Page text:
When I tell fellow bonsai enthusiasts that I’ve had good success collecting oaks in summer, they’re always surprised. And why not? We know that most species prefer to be collected during dormancy, meaning winter. I’ve written before about my own discovery in regard to collecting Sweetgums, namely, that they seem to prefer being lifted in May. But oaks? Who would think of collecting them in summer?
I like to experiment from time to time, testing what’s common knowledge as it were. I first tried my hand at collecting oaks last summer, and found that I had great success all the way into August. So I lifted this Water oak, Quercus nigra, today.
This is a very nice piece of material. The trunk base is 1.5″ and it’s 8.5″ to the chop. Nice taper, and I love the rough, dark bark near the base. I should know in a couple of weeks if it’s going to make it.
Okay, that’s a Water oak and I know already I can collect them in summer, along with Willow oak, Quercus phellos. No new knowledge there. But here’s the real experiment of the day. Can Live oak, Quercus Virginiana, be collected in summer? Now that would be something.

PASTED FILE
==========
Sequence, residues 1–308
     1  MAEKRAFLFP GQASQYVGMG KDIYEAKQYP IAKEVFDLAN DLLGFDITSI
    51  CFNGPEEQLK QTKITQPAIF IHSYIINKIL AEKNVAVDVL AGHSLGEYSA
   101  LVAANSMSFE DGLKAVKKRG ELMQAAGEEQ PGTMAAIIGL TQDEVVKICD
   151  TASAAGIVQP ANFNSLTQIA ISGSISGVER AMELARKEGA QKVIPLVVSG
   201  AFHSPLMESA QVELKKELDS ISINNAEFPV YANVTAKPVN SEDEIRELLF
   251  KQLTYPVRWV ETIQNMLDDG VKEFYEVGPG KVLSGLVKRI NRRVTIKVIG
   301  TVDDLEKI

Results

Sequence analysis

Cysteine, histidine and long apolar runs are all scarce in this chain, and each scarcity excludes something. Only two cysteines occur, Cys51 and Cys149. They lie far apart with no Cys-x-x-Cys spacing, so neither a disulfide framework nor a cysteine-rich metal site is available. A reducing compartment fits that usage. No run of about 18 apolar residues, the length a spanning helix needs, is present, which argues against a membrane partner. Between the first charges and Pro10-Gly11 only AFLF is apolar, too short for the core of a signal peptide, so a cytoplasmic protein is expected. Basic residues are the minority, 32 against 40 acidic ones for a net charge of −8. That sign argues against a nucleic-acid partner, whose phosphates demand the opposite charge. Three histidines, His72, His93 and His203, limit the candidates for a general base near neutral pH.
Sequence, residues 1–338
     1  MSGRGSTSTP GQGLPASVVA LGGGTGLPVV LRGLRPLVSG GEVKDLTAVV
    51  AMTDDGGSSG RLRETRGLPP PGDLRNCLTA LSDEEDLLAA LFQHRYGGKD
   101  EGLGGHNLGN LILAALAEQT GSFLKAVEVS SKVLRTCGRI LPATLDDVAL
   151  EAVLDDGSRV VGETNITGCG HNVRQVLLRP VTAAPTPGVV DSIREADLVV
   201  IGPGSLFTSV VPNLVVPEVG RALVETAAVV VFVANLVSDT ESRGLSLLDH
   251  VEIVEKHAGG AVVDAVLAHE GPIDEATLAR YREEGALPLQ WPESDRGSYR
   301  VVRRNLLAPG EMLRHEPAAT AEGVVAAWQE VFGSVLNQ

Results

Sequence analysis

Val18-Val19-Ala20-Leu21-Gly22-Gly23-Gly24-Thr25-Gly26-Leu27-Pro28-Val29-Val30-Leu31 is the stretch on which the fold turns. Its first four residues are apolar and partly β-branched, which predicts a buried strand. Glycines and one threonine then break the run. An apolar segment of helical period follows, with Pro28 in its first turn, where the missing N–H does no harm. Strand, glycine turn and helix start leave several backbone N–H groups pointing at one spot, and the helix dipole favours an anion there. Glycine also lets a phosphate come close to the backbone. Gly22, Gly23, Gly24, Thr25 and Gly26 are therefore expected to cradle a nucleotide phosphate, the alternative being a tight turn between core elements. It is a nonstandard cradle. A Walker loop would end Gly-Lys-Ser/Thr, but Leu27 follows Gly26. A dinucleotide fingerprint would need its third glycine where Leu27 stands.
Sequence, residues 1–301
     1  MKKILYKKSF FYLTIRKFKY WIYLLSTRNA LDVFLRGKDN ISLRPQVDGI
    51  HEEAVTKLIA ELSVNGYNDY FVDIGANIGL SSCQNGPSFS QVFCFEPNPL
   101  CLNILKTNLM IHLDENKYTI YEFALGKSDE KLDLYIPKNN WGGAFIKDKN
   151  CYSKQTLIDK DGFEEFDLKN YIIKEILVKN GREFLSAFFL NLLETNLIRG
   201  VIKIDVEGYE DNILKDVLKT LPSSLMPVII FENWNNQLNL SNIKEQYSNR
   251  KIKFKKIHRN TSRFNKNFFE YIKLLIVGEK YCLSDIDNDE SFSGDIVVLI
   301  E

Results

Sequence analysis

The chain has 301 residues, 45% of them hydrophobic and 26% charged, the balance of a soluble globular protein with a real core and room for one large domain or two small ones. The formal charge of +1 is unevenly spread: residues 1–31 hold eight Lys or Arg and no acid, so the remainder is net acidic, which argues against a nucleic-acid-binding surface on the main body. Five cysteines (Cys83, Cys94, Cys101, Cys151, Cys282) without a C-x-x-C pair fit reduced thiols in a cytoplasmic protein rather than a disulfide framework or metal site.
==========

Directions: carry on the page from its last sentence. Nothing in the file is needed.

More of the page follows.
In October 2010 I gathered about 50 Live oak acorns. I planted them in a big tub, then ignored them except for watering and feeding as they sprouted and developed into seedlings. Two years ago I planted the roughly 25 that remained in my field growing bed, along with a handful of larger seedlings I’d acquired in a bonsai club auction. This is one of those larger seedlings, now grown to a trunk diameter of 1.5″. I like the gentle curve of the trunk, and I’m thinking it’ll make a decent broom-form bonsai in a few years. It’s got a good start already.
I went ahead and wired out the branches (positive thinking, eh?). I’ll need to chase them back to get the proportions right, but that’s for another time. For now, we’ll see if Live oaks can be lifted at this time of year. The truth is, I have no idea, but I’d sure like to know.
Have you ever worked with Live oak? My own experience is somewhat limited. I’d love to hear anything you’re willing to share.